Whether indoor air is clean or laden with pathogens isn’t usually something you can see with the naked eye. Except at Greenheck’s AHR Expo booth, where visitors were treated to the full visual experience, courtesy of a VR headset — complete with video game-style controllers that let them “shoot” a UV-C beam to clear the air in a living room loaded with floating red airborne contaminants. A squeeze of the trigger, swipe left and right, and poof — the air was clear.

The VR demo was a visual for Greenheck’s brand-new Amplify with Northern Light overhead HVLS fan, rotating on display overhead as attendees played with the headset at the booth. The fan incorporates UV-C lighting technology, with bulbs at the end of the fan blades.

“UV-C lights are not a new technology. HVLS fans have been around for a while,” said Andy Dunst, application engineer, HVLS product line at Greenheck. “So with the current state of the world right now that we're living in, we’re marrying these two together.”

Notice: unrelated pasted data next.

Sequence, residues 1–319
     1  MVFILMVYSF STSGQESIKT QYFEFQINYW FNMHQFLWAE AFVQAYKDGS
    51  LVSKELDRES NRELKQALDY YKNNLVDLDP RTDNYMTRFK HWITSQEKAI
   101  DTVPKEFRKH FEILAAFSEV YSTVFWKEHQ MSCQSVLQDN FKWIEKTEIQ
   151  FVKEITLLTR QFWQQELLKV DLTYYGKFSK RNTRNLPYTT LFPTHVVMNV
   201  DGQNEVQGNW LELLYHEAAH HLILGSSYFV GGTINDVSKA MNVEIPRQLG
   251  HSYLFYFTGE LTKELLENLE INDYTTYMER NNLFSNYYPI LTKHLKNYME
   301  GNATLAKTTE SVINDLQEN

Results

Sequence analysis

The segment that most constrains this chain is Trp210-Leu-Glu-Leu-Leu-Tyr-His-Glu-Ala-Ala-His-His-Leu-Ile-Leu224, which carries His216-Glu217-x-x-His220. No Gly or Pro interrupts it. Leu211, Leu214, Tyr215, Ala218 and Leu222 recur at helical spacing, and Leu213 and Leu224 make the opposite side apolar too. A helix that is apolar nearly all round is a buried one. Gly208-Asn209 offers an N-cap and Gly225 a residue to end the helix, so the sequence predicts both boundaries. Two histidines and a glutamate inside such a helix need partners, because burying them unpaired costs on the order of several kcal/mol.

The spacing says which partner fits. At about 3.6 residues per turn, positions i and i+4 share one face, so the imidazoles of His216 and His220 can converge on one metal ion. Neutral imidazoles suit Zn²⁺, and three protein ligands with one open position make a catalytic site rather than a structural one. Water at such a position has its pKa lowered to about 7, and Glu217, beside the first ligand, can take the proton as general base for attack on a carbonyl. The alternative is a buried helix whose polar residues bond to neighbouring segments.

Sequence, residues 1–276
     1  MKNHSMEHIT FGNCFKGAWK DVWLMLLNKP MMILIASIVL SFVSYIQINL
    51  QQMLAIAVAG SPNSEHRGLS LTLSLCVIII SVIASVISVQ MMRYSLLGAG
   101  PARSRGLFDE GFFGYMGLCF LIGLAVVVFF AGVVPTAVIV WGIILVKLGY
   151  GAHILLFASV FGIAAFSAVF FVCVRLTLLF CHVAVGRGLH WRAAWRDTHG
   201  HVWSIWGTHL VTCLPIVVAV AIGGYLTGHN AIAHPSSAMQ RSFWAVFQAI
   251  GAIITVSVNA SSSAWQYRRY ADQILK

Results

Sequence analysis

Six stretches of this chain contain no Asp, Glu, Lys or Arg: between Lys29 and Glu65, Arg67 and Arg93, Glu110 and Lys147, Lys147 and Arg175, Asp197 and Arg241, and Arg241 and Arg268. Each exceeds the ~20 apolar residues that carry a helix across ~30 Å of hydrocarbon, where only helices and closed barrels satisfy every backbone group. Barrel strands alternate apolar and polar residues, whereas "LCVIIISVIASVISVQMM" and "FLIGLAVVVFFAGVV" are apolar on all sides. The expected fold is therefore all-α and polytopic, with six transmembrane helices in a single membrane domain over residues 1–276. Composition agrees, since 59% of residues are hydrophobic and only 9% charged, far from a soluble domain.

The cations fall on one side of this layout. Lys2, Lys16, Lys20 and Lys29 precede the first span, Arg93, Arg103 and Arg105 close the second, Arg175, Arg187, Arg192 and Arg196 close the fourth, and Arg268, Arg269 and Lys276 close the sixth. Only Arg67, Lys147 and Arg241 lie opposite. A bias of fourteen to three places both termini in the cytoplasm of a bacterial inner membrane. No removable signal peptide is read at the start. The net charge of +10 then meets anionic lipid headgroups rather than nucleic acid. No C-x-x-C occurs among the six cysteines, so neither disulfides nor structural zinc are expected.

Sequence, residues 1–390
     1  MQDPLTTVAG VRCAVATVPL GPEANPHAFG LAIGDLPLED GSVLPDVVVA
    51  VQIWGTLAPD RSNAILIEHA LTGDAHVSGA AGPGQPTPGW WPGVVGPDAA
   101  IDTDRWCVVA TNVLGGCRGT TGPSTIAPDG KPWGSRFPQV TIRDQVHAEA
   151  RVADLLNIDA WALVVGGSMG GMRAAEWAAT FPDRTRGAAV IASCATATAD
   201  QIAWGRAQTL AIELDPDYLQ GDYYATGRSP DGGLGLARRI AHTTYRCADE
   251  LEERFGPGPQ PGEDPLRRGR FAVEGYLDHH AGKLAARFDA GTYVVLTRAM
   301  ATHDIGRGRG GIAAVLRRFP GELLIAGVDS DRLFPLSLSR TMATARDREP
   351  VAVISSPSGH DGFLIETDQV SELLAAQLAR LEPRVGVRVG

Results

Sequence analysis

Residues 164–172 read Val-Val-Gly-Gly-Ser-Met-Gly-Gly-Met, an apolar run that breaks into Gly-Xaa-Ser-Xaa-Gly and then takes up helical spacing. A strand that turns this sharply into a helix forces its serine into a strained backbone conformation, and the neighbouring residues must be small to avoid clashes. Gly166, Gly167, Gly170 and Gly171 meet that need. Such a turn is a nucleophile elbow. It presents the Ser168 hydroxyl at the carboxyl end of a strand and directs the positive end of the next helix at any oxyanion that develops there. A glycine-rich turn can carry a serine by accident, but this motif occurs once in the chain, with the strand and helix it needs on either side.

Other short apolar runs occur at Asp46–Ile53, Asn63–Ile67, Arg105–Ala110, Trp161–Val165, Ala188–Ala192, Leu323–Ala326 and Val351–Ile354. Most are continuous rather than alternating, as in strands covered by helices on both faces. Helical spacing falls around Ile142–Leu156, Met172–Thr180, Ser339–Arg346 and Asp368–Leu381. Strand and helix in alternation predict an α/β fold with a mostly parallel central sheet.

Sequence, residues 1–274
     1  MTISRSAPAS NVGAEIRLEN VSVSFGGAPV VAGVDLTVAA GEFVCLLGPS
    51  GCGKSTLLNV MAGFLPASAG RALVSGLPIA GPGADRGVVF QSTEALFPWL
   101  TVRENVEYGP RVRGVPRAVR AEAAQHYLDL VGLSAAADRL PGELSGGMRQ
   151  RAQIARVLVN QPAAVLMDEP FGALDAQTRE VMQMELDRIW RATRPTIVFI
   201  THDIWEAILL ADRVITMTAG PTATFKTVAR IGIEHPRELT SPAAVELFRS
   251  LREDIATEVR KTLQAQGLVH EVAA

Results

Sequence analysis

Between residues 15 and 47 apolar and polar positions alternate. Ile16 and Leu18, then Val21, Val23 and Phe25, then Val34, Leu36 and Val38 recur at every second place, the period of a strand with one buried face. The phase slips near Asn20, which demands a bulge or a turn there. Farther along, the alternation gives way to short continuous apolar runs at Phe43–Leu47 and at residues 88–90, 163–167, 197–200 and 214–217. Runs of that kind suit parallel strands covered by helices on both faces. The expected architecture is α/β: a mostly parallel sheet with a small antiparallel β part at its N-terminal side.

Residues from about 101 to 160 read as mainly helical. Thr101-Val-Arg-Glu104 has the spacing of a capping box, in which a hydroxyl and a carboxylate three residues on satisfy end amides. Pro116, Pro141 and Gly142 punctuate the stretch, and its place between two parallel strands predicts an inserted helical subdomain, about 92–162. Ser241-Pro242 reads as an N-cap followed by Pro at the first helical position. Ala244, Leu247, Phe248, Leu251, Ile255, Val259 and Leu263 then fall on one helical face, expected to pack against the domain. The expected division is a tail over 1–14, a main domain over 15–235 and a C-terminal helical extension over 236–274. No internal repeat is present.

The fans are ideal for commercial and industrial spaces such as fitness centers, gyms, and manufacturing facilities — anywhere there’s a large occupant count.

According to Greenheck’s testing, the Amplify with Northern Light overhead HVLS fan inactivates 87.9% of pathogens on one pass-through.

“When the air is going through the fans, it is being disinfected every time,” Dunst said. “So obviously, the more air rotations in there and air changes throughout the fan in that space, it continues to get cleaner and cleaner. It's basically deactivating the pathogens and tearing apart the molecules in the viruses, making clean air for safe work environments.”

Looking ahead to IAQ in a post-COVID world, Erik Koenig, director of marketing and digital commerce, said Greenheck takes “very much a systems approach” to planning what’s next.

“I always use a Lego analogy,” Koenig said. “Our product line is now as broad as anybody’s in the industry. So how do we take our Legos to create a configurable system that works for any built environment? Especially as we move into the explosion of warehouses and data centers, how do we get this up and running fast? How do we make them really safe, comfortable spaces to breathe in?

“And how do we retrofit?”

That’s the trend that Koenig is looking into the most — the retrofit model. In particular, he sees a need for new IAQ products that can help make retrofit buildings both healthier and more energy-efficient.

“Warehouses and data centers are two verticals that we're really interested in,” he said. “I think both are high growth potential.”